Strengths And Weaknesses Of MBO (Management By Objectives
Strengths of The MBO Performance Standards Based Method
Standards-based or management-by-objectives approaches have a number of advantages over many of the other methods.
Perhaps the most compelling is that a standards-based approach encourages face-to-face communication between manager and employee to identify the degree to which the employee has achieved the standards or objectives. On balance, with a standards-based approach, the employee is more likely to receive information detailed enough to improve performance— provided that the process is done properly.
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The system is flexible, since employees can have different standards of performance, even if their job descrip-tions are similar. Unlike rating systems used across job positions, the standards are completely customizable; in fact, they must be customized.
The system is particularly useful and relatively easy to apply to job tasks that can be measured relatively easily and objectively. It can still be used for complex jobs, but it takes more skill on the part of the manager to use it effectively.
It should be clear by now that the performance standards method involves a lot of upfront work, but less work at the performance review. The result of the extensive work in setting standards (planning performance) is that the employee should leave the standard-setting meeting with a very clear understanding of what he or she is to accomplish during the upcoming period. Not only is that understanding likely in itself to improve performance, but it promotes self-evaluation throughout the year. Employees who know where they need to go are generally able to assess, on their own and throughout the year, whether they are getting there.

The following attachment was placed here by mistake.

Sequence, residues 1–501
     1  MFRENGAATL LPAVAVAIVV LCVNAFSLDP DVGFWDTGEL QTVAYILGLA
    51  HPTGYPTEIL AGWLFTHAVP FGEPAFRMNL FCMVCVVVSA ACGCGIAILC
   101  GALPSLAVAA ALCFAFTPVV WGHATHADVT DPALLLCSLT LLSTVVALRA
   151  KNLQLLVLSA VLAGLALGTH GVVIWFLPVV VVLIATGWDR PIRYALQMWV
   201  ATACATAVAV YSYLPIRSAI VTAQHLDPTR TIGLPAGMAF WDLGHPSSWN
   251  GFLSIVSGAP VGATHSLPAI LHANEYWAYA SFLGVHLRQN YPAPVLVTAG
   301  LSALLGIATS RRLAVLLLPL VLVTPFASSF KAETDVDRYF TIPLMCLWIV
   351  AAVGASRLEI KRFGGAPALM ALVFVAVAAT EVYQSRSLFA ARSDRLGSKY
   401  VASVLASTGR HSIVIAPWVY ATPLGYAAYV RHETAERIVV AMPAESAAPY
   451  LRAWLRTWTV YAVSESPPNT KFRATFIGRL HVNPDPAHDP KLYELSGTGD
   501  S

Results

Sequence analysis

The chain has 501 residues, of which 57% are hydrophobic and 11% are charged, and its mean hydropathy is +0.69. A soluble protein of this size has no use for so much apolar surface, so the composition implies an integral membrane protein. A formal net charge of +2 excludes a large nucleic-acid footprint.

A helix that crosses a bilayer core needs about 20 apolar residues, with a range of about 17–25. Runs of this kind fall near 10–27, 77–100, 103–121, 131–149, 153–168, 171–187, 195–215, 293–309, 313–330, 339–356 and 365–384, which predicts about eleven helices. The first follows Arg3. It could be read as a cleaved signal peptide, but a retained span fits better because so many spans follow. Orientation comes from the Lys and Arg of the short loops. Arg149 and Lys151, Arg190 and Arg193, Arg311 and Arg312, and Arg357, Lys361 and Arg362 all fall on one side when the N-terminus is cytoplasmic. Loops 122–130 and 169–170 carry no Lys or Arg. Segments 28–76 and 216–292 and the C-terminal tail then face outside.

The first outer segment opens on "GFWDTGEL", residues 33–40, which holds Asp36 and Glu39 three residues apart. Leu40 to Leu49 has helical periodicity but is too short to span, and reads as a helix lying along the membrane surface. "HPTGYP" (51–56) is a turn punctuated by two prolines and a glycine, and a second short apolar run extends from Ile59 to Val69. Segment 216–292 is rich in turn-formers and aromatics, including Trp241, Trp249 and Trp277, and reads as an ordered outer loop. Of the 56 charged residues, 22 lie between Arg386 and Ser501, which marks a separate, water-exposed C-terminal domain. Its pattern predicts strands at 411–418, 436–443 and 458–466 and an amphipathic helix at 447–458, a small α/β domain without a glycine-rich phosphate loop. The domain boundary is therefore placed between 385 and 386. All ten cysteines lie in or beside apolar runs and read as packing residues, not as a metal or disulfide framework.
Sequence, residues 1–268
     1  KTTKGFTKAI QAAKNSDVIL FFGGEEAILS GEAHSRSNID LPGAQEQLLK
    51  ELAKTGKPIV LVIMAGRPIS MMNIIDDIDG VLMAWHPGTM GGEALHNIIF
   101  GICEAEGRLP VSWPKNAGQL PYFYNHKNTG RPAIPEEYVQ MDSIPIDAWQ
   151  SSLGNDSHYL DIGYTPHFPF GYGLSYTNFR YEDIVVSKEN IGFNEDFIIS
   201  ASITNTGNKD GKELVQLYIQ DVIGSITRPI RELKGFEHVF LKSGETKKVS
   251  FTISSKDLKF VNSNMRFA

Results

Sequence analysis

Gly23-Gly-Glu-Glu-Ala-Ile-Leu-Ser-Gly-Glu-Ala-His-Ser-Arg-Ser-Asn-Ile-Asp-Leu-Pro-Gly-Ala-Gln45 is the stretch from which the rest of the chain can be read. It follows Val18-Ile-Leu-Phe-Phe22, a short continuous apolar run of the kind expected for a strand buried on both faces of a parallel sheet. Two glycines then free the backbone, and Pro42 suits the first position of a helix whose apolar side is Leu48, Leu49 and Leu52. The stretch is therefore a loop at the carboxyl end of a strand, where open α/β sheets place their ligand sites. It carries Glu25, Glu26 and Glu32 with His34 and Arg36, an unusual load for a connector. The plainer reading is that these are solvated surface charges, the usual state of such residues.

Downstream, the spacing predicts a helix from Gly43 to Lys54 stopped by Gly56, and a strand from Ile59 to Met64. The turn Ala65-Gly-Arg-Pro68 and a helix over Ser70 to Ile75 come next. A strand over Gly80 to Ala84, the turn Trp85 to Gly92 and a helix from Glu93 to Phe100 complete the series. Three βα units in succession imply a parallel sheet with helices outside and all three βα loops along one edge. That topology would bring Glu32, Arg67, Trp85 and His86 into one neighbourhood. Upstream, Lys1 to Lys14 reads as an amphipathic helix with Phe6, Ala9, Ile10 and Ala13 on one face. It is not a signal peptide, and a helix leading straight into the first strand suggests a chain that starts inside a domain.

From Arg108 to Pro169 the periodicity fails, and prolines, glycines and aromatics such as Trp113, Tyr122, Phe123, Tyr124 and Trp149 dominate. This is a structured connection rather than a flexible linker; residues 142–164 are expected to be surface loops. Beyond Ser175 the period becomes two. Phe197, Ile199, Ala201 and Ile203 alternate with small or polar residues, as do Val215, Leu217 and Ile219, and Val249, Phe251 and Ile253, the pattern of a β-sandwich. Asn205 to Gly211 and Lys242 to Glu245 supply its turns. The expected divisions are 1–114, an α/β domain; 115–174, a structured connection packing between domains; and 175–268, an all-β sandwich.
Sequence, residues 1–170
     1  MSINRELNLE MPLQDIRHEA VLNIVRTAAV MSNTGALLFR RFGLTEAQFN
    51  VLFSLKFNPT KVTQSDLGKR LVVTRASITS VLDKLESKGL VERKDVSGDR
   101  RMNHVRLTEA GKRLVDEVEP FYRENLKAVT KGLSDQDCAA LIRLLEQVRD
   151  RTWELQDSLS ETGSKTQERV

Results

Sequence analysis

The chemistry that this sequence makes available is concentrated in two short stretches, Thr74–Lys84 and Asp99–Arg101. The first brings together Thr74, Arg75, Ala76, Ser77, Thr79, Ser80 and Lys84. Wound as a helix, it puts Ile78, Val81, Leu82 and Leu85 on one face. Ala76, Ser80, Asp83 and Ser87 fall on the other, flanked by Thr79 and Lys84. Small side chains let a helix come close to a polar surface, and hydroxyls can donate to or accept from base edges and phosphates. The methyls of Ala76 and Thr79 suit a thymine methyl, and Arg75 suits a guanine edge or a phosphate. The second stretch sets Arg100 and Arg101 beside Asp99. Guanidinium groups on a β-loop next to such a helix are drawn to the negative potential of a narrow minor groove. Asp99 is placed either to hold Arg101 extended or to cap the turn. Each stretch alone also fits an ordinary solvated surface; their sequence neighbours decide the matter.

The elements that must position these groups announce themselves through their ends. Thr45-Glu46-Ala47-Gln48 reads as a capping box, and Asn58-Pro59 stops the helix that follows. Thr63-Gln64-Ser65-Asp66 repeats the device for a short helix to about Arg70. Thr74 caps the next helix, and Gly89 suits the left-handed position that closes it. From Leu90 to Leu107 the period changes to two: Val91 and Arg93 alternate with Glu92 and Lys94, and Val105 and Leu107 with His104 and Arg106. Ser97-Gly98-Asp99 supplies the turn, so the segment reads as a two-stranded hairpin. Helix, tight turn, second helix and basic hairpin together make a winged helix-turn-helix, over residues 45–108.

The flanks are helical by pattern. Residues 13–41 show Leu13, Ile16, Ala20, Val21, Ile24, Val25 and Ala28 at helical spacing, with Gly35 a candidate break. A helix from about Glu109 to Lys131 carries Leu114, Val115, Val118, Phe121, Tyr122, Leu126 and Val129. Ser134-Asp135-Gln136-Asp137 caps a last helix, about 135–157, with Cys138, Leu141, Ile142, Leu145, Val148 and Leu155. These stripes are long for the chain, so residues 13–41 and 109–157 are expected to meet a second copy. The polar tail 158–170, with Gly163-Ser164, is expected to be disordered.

It is extremely hard to write performance standards that are both meaningful and objectively measurable. There’s a saying that goes like this: “It’s easy to measure trivial things, but it’s very hard to measure important things meaningfully.” It applies here. For practical reasons, you can’t have hundreds of standards that apply to an employee’s performance. Perhaps 10 to 20 is the maximum—and even that’s a lot. Identifying which standards to use and writing them in objective ways is an art form and generally requires training for those involved in writing standards. That may mean training both managers and employees.
Some managers complain that the standard-setting process is too time-consuming and difficult. There’s no question that the upfront work involved with this system is much more demanding than, let’s say, for a narrative or rating system, where the upfront work can be almost zero. That may appear as a weakness, but it’s more of a shifting of the work from the performance-review phase to the performance-planning phase.